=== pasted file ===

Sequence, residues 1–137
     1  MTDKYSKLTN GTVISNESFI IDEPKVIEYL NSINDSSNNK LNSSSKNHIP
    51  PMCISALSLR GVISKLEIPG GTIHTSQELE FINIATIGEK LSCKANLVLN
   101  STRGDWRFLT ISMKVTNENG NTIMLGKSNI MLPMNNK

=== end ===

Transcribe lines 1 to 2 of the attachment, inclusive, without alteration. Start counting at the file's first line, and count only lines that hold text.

Sequence, residues 1–137
     1  MTDKYSKLTN GTVISNESFI IDEPKVIEYL NSINDSSNNK LNSSSKNHIP